What You Need To Know Before Selling Your Clothes On ThredUP

As you settle into spring cleaning, you'll need to find ways to get rid of old clothing. Why not turn your past outfits into a money-making opportunity and sell them to a consignment shop? For a convenient experience, some companies will even allow you to send them your clothing by mail.

That's where ThredUP comes in. This online consignment and thrift store will send you a pre-paid "kit" that you can fill with gently used items, from jeans to dresses to even shoes. Once you drop off the kit at your local FedEx or U.S. post office, you don't have much else to do except wait for your clothing to be accepted. Eligible items will then be sold online and you will receive money (via PayPal or Stripe direct deposit) or, if you desire, a store credit (via ThredUP).

This looks like a win-win. Recycling clothes is better for the planet and your wallet, and ThredUP makes the process quick and painless. They have even partnered with big-name clothing stores, such as Gap and Macy's, so that shoppers can turn in their used clothes for store credits, points, or a small gift card, according to CNBC. But is selling to an online consignment store as good as it seems? According to some reviewers, ThredUP has a lot of downsides.

You won't receive a big payout, and you won't get ineligible items back for free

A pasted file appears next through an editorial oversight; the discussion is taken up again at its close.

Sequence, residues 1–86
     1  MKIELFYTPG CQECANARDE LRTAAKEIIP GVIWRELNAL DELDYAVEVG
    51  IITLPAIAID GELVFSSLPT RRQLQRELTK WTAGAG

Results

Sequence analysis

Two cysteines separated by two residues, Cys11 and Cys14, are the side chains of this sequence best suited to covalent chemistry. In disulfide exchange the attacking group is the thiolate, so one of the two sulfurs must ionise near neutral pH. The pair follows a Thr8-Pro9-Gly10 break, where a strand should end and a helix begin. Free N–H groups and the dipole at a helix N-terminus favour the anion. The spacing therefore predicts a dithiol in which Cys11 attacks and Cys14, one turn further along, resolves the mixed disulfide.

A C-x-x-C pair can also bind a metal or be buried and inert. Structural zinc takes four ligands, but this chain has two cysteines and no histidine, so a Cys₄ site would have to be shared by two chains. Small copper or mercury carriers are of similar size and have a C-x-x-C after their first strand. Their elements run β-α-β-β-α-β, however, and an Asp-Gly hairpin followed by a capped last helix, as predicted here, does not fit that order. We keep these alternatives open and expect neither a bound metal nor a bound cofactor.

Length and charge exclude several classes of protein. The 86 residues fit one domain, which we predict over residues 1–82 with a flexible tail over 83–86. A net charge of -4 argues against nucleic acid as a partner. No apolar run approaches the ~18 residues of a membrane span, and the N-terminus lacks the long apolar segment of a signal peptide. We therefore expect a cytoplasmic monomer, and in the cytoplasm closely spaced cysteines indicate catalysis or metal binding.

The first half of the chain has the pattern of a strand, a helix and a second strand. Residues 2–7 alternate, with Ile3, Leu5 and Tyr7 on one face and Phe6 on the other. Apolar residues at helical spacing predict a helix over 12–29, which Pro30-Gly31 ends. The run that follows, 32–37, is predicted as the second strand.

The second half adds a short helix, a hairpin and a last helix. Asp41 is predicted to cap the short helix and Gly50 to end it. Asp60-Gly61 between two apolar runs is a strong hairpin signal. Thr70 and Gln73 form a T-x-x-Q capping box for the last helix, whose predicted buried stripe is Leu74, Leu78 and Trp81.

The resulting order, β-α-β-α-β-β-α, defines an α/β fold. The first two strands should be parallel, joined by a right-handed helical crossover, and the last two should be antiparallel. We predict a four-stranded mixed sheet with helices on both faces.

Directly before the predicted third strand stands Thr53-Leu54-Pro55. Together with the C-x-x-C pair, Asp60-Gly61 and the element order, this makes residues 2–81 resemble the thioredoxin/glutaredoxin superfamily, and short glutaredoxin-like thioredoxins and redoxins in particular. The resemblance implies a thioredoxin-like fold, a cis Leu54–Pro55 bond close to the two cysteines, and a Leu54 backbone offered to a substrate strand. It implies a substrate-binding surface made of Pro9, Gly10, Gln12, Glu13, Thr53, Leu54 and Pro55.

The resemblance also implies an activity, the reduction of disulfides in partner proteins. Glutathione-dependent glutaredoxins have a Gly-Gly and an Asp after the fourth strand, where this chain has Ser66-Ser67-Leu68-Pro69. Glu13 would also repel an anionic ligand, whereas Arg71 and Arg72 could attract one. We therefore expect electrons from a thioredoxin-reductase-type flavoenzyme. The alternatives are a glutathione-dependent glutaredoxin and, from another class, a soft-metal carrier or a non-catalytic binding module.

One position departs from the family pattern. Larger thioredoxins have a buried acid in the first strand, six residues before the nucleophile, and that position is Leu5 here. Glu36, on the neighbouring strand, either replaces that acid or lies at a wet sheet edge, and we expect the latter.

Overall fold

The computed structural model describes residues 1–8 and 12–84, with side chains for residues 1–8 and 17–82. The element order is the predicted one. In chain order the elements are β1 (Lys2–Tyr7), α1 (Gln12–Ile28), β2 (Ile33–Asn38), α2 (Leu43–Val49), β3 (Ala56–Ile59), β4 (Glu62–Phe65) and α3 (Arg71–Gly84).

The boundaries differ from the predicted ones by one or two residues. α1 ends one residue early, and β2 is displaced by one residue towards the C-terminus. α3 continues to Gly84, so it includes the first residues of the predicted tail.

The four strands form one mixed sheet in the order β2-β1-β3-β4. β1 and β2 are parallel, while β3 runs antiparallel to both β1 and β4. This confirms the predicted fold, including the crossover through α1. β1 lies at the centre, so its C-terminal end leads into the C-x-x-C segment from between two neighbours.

According to Get Green Be Well, sending clothes to ThredUP can feel like more effort than it's worth. It took about 30 days for writer Kimberly Button's clothing and payments to be processed. With new COVID-19 restrictions, processing times can now be as long as seven weeks. You can pay for expedited processing, which allegedly costs $16, but you might never make that money back. That's because the company only accepts about 40 percent of all the items they receive (via ThredUP).

Items in good condition will not necessarily be accepted and resold, especially if ThredUP thinks they are out of style. In addition, the company offers only a small payout, which usually amounts to less than $2 per item. You will receive payouts only for the items that sell. Even worse, your clothes will not automatically be returned to you if ThredUP does not accept them. However, you can choose to pay $10.99 for a return if you want the unsold items back. As with the expedited processing fee, however, you may not make this money back.

If you are looking to get rid of your clothes in a quick, convenient, and environmentally friendly way while potentially making a little cash, ThredUP may be a good solution. That said, you may simply find it easier to donate your items to a nonprofit organization such as Goodwill or the Salvation Army, which serves your local community.